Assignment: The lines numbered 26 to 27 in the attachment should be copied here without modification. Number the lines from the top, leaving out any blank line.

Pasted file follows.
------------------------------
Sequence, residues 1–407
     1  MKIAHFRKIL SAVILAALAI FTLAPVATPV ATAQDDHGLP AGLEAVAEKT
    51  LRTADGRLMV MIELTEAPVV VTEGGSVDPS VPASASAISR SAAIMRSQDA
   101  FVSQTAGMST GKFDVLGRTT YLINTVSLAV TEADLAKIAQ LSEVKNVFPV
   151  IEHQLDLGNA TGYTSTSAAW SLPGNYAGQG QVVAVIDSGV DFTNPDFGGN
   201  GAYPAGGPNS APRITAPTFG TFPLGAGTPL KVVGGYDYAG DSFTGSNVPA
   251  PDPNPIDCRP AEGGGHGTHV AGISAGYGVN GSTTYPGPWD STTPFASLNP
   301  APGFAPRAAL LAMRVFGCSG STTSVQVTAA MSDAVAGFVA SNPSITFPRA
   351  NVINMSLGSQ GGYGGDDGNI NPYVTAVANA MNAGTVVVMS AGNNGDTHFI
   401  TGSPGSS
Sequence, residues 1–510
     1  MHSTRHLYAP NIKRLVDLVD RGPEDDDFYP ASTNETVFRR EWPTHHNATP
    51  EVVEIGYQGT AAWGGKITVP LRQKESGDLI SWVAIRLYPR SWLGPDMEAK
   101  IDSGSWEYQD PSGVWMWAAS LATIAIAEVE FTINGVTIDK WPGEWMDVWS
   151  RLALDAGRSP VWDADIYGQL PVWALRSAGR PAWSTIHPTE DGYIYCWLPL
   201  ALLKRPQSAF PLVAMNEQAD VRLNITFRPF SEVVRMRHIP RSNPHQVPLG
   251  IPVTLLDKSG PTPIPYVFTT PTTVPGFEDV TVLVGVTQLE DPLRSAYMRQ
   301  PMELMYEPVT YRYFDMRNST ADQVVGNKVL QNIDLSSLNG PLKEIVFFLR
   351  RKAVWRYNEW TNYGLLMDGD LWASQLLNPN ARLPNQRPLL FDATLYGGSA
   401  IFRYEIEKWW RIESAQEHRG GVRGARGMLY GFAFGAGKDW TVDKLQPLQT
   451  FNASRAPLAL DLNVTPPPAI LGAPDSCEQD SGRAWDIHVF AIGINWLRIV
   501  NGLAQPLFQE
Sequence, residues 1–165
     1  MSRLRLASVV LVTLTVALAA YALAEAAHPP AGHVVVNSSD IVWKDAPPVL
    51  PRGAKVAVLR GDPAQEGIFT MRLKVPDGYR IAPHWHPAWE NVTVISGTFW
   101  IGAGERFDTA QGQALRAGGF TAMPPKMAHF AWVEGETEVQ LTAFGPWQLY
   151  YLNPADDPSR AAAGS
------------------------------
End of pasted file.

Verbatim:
   101  IGAGERFDTA QGQALRAGGF TAMPPKMAHF AWVEGETEVQ LTAFGPWQLY
   151  YLNPADDPSR AAAGS